AGM followed by Professor Ian Morison.
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When the 250 ft Mk I radio-telescope was commissioned in 1957 at Jodrell Bank, it was controlled by an electro-mechanical analogue computer. Then in 1964, a Ferranti Argus 100 computer became the first in the world to control the operations of a radio telescope. Since then several generations of increasingly complex computers have been used both for the control of Jodrell Bank’s telescopes and data acquisition from them.
At the turn of the millennium, Jodrell Bank was given a major grant to upgrade the MERLIN array. Fibre optic links capable of carrying up to 30Gbps between each telescope and Jodrell Bank were installed, as well as a new correlator to combine the data, allowing MERLIN to become far more sensitive. It is now known as ‘e-MERLIN’, the largest fibre-linked array in the world and the second most sensitive. Jodrell Bank continues to produce world-class science, along with that of the Lovell Telescope. Now undergoing its third major reconstruction, Jodrell Bank is pre-eminent in the observations of pulsars and a key element in the European VLBI Network, which can produce the highest resolution radio images of any instrument in the World.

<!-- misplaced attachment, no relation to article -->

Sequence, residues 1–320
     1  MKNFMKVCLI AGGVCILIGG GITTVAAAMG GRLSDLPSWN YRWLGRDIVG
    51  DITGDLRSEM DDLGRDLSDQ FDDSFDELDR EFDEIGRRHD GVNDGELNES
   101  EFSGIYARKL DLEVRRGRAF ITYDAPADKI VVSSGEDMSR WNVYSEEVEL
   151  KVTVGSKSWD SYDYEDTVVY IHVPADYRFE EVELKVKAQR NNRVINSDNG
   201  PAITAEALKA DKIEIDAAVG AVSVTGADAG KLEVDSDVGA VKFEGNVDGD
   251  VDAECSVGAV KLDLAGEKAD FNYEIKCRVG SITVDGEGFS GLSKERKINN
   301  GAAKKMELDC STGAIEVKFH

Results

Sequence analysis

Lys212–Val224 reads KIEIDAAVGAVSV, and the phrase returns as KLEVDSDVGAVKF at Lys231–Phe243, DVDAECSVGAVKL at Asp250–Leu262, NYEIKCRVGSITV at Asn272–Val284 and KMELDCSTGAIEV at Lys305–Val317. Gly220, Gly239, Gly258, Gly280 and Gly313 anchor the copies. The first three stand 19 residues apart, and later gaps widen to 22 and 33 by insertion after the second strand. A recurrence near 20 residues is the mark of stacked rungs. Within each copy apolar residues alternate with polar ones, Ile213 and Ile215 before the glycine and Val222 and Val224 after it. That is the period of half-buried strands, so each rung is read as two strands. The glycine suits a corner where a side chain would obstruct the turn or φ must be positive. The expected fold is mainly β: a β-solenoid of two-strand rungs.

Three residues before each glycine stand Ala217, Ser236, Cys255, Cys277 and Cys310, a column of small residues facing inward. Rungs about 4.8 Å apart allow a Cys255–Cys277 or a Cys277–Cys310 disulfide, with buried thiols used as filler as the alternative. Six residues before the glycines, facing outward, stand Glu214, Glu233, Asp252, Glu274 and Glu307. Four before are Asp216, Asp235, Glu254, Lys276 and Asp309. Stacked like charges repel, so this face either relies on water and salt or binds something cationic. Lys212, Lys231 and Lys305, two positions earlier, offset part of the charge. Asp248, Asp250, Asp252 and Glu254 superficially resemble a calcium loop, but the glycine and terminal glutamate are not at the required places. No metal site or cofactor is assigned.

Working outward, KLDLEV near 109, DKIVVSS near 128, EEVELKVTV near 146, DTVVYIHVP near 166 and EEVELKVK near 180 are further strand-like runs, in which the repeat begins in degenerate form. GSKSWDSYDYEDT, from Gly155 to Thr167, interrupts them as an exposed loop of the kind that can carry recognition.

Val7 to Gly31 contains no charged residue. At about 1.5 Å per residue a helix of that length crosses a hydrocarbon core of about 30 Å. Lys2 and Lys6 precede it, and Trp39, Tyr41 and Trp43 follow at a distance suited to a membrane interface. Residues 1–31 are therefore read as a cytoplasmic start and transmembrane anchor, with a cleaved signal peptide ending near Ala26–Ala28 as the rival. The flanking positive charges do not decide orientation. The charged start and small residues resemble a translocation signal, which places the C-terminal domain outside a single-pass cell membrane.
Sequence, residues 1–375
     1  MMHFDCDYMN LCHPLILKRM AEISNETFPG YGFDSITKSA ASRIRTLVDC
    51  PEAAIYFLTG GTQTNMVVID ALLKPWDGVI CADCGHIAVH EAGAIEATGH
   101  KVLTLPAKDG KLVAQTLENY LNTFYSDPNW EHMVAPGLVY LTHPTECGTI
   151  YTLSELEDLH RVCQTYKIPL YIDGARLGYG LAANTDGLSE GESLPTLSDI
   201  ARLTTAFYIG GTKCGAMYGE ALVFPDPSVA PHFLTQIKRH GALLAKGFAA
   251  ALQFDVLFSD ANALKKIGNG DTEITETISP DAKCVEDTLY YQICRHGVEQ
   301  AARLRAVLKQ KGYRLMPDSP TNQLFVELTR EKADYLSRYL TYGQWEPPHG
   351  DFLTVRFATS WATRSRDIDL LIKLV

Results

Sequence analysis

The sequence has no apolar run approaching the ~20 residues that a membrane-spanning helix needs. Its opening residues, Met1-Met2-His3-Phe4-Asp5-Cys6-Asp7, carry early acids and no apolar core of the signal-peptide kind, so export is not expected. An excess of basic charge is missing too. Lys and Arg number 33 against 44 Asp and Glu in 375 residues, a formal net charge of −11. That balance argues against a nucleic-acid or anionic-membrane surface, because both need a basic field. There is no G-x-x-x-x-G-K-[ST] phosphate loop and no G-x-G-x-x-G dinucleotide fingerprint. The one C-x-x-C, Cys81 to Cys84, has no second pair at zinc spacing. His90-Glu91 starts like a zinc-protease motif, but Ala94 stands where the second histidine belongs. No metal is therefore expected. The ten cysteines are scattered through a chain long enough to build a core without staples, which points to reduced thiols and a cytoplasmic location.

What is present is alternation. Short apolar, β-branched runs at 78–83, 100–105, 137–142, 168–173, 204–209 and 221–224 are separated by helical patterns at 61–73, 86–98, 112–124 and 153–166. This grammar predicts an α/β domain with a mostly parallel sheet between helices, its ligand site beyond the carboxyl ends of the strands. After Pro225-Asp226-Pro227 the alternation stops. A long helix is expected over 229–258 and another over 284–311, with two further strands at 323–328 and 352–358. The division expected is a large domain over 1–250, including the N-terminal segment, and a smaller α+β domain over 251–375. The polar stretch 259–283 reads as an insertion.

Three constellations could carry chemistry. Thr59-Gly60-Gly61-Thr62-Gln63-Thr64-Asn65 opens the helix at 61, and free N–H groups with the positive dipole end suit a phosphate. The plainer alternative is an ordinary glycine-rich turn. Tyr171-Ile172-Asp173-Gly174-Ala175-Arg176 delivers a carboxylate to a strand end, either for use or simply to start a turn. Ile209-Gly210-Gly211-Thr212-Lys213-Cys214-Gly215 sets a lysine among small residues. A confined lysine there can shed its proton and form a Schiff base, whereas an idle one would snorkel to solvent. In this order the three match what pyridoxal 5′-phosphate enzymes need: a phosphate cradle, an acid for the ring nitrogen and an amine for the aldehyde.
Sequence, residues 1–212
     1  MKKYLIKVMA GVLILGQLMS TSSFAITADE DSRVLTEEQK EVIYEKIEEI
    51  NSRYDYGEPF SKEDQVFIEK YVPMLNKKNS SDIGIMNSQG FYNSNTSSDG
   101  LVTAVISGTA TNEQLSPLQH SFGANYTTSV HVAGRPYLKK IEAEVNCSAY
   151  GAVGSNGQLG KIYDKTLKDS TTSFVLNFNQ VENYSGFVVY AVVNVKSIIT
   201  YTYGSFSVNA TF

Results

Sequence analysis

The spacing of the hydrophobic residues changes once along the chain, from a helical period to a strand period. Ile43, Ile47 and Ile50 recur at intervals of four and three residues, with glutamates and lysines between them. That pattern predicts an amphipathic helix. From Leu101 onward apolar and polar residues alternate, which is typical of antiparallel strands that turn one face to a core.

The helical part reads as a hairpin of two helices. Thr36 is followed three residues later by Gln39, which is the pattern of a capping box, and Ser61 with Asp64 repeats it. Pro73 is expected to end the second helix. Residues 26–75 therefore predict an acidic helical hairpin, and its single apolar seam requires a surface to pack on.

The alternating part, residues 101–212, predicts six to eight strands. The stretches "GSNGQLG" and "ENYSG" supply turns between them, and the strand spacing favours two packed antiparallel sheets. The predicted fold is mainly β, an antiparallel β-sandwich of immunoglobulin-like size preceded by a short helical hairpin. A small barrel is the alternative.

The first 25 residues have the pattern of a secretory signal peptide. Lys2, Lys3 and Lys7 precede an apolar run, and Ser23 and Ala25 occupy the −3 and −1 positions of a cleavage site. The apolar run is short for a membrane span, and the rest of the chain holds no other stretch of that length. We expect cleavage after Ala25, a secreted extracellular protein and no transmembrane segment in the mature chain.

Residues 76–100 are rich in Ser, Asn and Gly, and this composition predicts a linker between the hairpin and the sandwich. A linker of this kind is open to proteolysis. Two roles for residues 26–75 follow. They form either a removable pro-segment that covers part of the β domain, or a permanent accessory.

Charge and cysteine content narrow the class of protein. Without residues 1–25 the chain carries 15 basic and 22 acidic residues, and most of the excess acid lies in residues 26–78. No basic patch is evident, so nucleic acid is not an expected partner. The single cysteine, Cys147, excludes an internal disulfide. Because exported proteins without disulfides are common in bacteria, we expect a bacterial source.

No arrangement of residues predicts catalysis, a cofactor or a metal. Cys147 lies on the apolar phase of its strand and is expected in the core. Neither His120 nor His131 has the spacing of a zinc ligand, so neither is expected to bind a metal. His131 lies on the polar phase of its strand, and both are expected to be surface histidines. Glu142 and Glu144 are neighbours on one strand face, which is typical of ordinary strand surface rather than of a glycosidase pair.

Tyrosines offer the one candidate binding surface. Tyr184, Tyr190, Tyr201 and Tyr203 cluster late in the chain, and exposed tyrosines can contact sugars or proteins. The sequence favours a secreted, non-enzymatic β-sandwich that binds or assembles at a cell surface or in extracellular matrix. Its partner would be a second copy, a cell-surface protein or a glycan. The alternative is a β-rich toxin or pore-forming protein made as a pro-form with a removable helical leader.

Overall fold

About the speaker
Professor Ian Morison
Professor Ian Morison began his love of astronomy when, at the age of 12, he made a telescope out of lenses given to him by his optician. He attended Chichester High School and then went on to study Physics, Mathematics and Astronomy at Hertford College, Oxford. In September 1965, he became a research student at the University of Manchester's Jodrell Bank Observatory and in 1970 was appointed to the staff of the Observatory and, during his career, taught electronics, computing and astronomy at the University of Manchester. Retired, but now as an emeritus professor, he remains on the staff of the Observatory.
In 1990 he helped found the Macclesfield Astronomy Society and later became president of the Society for Popular Astronomy, the UK's largest astronomical society. He holds the post of instrument and imaging advisor helping members with their choice and use of Telescopes. He lectures widely on astronomy, and has written a university astronomy textbook and three books for amateur astronomers. He also writes a monthly sky guide for the Observatory's web site and produces an audio version as part of the Jodrell Bank Podcast.
In 2003 the Minor Planets Committee of the International Astronomical Union named asteroid 15,727 in his honour, citing his work with MERLIN, the world's largest linked array of radio telescopes, and his role in searching for intelligent life beyond our Solar System in Project Phoenix. In 2007, he was appointed to the post of Gresham Professor of Astronomy − the oldest chair of astronomy in the world, dating from 1657 and once held by Christopher Wren.
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